When the forehead detail was complete, a new mold was created using the same basic steps as before.  First we filled the open areas around the mask with water based clay and built a retaining wall.  A silicone mold was created, and then a two-part ultracal mold was built on top of that.  Here you see the first step, and the finished mold before we took it apart.






Once again we cast a mask in fiberglass,

and this time we had a mask complete with the forehead design.





The mask was trimmed, and then we began the task of painting it. Acrylic hobby paints were applied using an airbrush for a smooth finish. First we used masking fluid to protect the forehead design, and then we used the airbrush to paint the mask a slightly off-white color.  Shading was added using a very thin mix of various gray and brown layers.






When the white paint was fully dry, we used masking fluid to mark out the locations for the red stripes. The entire mask was covered to protect it from overspray, and then we painted the stripes in various shades of red.  Highlights and darker shades of red were used to enhance the depth of the eye openings. The forehead design was painted by hand, using washes of metallic paints. The surface was covered with an antiquing stain and then was wiped partially clean, taking away some of the extra shine.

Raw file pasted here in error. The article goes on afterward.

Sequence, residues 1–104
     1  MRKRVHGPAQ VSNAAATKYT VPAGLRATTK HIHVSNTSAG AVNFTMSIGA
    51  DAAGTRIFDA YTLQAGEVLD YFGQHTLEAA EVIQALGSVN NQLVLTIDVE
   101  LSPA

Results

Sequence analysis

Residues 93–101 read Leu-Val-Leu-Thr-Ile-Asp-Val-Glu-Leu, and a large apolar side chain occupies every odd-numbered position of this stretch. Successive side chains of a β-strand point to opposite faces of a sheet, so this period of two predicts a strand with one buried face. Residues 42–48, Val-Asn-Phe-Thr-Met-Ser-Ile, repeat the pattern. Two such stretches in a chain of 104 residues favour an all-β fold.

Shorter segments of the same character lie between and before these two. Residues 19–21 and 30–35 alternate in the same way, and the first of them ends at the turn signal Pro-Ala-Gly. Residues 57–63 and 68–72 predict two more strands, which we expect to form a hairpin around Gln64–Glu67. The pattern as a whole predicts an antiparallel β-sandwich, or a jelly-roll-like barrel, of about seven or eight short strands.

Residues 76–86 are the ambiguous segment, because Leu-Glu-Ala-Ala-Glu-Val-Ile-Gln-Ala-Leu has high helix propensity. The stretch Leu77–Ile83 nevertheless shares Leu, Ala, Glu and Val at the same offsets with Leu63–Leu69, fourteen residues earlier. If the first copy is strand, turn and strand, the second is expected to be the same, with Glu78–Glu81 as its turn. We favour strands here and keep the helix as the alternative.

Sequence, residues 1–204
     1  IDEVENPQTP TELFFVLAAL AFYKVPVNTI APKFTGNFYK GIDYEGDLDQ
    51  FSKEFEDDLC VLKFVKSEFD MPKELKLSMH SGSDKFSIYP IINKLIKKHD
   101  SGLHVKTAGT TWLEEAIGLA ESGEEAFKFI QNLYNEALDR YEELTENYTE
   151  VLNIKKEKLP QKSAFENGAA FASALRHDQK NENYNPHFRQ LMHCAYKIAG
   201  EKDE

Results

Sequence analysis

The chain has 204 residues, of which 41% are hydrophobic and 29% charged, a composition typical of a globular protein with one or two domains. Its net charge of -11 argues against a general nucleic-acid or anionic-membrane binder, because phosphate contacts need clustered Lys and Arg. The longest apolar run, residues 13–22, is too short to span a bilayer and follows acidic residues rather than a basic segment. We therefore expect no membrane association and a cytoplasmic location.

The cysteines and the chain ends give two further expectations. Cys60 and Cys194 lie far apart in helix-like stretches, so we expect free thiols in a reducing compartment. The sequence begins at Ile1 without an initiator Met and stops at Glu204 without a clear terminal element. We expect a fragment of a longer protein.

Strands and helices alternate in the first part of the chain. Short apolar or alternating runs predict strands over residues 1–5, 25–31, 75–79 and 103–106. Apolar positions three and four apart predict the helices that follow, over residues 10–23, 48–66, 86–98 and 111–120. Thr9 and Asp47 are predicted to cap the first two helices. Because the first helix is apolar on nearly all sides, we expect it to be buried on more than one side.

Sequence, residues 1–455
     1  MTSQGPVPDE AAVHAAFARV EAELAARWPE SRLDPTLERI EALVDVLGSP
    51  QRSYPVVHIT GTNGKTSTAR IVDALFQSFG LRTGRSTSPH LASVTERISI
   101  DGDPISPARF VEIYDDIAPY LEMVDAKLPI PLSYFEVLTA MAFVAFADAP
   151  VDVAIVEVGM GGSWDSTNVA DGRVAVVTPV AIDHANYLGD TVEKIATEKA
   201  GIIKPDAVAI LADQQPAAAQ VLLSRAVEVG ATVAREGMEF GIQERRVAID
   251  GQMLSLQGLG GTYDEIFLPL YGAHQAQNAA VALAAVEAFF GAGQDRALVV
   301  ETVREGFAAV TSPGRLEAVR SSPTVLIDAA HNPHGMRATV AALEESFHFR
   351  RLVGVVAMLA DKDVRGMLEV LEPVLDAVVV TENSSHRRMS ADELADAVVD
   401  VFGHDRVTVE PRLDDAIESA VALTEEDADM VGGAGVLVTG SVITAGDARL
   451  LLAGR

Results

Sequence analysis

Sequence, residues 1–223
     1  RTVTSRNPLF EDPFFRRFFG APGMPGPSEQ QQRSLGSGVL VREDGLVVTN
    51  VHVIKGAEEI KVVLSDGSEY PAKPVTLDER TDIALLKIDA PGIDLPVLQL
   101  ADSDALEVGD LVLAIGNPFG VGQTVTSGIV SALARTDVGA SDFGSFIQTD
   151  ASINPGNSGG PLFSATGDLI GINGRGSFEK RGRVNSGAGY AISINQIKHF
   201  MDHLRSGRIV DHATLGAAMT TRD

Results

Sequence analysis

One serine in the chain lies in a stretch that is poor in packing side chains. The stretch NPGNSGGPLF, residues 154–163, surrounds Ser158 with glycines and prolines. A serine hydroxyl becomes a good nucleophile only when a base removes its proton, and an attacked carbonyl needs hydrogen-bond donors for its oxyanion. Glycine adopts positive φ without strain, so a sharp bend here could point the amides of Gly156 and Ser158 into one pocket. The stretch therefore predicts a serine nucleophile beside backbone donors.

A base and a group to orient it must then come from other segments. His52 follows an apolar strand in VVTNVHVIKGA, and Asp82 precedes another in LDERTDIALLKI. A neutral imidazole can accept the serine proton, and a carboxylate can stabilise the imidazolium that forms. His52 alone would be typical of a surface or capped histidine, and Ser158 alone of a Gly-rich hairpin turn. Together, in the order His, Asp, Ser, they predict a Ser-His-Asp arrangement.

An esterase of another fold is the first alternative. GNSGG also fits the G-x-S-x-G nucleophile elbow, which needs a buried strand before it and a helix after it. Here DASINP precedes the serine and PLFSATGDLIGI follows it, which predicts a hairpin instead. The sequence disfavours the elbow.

In the end, it took nearly a year to go from the initial concept for the costume to completing

the mask, but I think that the end results were well worth the effort.







Darth Nihilus is supposed to be a ghost.  He is a Force Spirit inhabiting his mask and robes, so the facial features that would normally be visible around the mask should be completely blacked out. To achieve this effect in reality, it requires the use of a form-fitting blackout mask. It took me several tries to find one that would suit my needs, but eventually I purchased a Zentai hood that works well. The biggest challenge is finding a fabric mask that doesn't have a seam running across the face or neck. Many have seams running vertically across the nose, while others have a large seam under the chin.  Both look strange with the mask on.

The Blackout Mask